Why School Fundraisers Don’t Have to Suck

The other day I read a Facebook comment that said, “I want a school fundraiser that gives me something back, you know?  Something useful, like coupons.”

Normally, what I do with the fundraising sheets that have come home from our local schools is a) misplace them until the day before it’s due b) write a check for a few bucks and toss the whole mess into the recycling bin.  Unless the catalog has cool pictures in it; then I put it in the paper crafting bin and make cards to sell on Etsy.  Hey, do I look like I’m made of money?

Why can’t schools do something like this: send home a note saying, “For $10, we will only send home these things four times a year.  If you donate $20, that’s reduced to two times a year, and we won’t tell your kid that your last check bounced.  Cash only please.  Finally, for $100, not only will you not hear from us again this year, but we promise the big 64 count box of Crayola crayons will go to your daughter’s room only (and that brat who called your kid a dork will get the store brand box of sixteen).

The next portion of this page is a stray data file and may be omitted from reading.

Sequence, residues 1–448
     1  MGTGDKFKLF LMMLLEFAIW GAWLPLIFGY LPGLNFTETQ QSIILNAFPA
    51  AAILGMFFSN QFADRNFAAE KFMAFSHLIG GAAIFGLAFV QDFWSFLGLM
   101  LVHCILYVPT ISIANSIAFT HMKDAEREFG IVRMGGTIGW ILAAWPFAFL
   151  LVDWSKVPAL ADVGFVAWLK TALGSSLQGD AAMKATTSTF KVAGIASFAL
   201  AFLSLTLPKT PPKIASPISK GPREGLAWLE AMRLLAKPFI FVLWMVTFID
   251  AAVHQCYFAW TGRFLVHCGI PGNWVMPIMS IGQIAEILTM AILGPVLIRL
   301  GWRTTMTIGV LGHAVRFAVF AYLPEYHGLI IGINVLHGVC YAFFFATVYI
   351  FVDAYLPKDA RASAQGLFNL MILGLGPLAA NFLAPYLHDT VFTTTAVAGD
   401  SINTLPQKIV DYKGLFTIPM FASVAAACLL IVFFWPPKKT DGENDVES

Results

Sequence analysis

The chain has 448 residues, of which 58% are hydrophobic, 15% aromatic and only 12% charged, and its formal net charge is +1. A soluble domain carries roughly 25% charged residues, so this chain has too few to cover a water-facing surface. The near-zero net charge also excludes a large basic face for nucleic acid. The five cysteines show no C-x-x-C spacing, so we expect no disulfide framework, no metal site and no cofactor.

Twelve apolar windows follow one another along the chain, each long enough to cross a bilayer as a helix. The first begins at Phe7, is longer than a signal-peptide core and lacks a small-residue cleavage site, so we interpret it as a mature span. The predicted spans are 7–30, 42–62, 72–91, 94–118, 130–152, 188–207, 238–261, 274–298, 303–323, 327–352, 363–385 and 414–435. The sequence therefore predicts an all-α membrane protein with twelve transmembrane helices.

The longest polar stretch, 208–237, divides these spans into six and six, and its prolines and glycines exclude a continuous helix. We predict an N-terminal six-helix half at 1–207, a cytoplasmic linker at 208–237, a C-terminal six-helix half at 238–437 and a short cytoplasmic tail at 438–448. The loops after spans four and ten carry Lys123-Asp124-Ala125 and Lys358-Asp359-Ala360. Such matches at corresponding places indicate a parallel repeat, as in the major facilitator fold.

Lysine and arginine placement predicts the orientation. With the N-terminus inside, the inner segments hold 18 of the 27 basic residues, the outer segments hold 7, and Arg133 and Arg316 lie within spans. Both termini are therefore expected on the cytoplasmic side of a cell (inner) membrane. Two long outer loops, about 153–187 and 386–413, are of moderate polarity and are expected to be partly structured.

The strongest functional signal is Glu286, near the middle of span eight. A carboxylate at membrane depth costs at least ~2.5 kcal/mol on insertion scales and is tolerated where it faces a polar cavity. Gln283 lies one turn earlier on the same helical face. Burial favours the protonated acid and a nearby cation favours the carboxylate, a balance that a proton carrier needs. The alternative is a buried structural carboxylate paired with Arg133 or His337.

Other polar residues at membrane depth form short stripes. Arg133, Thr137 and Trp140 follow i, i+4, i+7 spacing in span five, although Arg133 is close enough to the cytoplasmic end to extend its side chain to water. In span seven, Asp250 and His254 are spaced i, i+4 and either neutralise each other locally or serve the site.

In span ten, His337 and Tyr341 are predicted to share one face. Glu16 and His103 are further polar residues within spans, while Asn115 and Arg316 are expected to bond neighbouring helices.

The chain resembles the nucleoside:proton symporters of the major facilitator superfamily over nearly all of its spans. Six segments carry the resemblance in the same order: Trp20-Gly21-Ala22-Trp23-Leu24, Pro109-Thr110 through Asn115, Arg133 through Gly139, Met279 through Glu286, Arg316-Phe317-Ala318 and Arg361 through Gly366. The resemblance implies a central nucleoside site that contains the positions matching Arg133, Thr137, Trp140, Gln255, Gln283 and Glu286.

It looks like someone beat me to the punch, however, with devising a way to raise money that might actually “give back” a little to the purchaser.  If you buy your sex toys through this program, a substantial percent of your purchase goes towards educating children in Malipampang (Philippines).  I have enough trouble with the weird search terms that land people on my blog, so I’m just going to refer you to Mominatrix, who wrote about it much more eloquently than I ever could.

So forget about $20 wrapping paper, the $15, artificially scented vanilla soy candles, and the magazine subscriptions at only twice the newsstand price!

After all, a happy giver is a repeat giver, right?

Advertisements

One Response to “Why School Fundraisers Don’t Have to Suck”

  1. I like your idea! The sex toys site made me laugh. I’d totally volunteer to sort orders if we held a sex toy fundraiser … just so I’d know who bought what.

    Thanks for stopping by my blog.

Leave a Reply

Fill in your details below or click an icon to log in:

WordPress.com Logo

You are commenting using your WordPress.com account. Log Out / Change )

Twitter picture

You are commenting using your Twitter account. Log Out / Change )

Facebook photo

You are commenting using your Facebook account. Log Out / Change )

Google+ photo

You are commenting using your Google+ account. Log Out / Change )

Connecting to %s

%d bloggers like this: